Vector Space Search Model Explained

A mate of mine was looking at a previous article I wrote about Decoding CAPTCHA’s where I pointed people to the following article (PDF) http://la2600.org/talks/files/20040102/Vector_Space_Search_Engine_Theory.pdf

He was having some difficulty understanding it so I thought I would write up a very simple explanation of what’s actually happening in the vector space.

The vector space isn’t actually that complicated, but getting your head around how it works takes a few steps. Let’s imagine for the moment that we are going to search over a collection of documents which only contain one word “boffin”. Each document has a different count of our word but only contain those words. We can represent this visually using a simple graph.

              1 2 3  4
            +---------+                                                                 
             012345678

The above is trying to show along the X axis the count of our word “boffin” that appears in the document whose id appears above the line. You can see that document 1 has 1 “boffin” words in it and document 4 has 8. You can also see that document 1 is closer to document 2 then it is to document 4. Let’s say we decide to search for boffin twice IE our search term is “boffin boffin”.

               +------+ "boffin boffin"
               |
               +
              1X2 3  4
            +---------+                                                                 
             012345678

What you can see quite clearly is that the closest document to our search (labelled in X) is document 1 and 2 followed by document 3 and 4. Let’s try searching for “boffin boffin boffin boffin”

                 +------+ "boffin boffin boffin boffin"
                 |
                 +
              1 2X3  4
            +---------+                                                                 
             012345678

You can now see that documents 2 and 3 are equally close to our search document, followed by document 1 and document 4.

So far so good. We can work out how close any two “boffin” documents are and thus work out how relevent they are to a search. Let’s add another word to our index. Our new documents are going to contain the words “boffin” and “head”

            +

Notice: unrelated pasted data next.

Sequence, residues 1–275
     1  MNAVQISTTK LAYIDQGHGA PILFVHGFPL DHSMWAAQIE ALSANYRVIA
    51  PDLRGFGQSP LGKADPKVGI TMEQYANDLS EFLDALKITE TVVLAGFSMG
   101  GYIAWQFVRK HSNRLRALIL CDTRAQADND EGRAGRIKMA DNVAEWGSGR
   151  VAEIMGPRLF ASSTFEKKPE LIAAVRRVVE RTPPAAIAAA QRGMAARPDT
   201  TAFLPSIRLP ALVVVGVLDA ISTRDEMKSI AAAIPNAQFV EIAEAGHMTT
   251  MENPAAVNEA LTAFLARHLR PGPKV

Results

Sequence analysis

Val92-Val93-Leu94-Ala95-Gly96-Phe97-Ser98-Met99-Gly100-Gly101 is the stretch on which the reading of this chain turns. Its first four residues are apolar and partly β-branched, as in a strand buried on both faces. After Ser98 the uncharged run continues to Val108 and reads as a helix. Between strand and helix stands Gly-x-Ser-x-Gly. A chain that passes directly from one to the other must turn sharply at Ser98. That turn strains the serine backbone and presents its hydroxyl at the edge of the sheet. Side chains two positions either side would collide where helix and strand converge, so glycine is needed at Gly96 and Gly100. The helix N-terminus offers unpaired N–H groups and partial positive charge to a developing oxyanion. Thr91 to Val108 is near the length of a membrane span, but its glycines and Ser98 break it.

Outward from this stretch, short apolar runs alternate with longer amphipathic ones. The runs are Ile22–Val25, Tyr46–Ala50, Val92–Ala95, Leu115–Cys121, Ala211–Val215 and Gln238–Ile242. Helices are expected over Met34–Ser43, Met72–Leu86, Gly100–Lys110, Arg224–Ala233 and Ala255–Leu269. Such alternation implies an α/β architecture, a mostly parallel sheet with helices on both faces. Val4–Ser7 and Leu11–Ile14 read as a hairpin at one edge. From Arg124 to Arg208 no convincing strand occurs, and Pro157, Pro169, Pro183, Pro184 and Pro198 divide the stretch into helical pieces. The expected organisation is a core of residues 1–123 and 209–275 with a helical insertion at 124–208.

8|     3                                                      
           7|                                                            
           6|                                                            
           5|                                                            
           4|        4                                                   
           3|                                                            
           2| 1                                                          
           1|                                                            
           0|   2                                                        
            +---------+                                                  
             012345678

Along the X axis we still have the count for the word boffin. However we also have a Y axis which represents the count of the term “head”. Thus document 1 has 1 “boffin” word in it and 2 “head” words. You can also see that document 1 is closer to document 2 then document 3. Those of you who remember high school should remember this fellow.

Bust of Pythagoras

Yes Pythagoras, a philosopher and mathematician came up with a theorem (although I suspect it should be a law now) that you could use to work out the length of a triangle’s side assuming the triangle is right angled and you know the length of the other two sides. We can do that now to work out the distance between document 1 and every other document in our collection.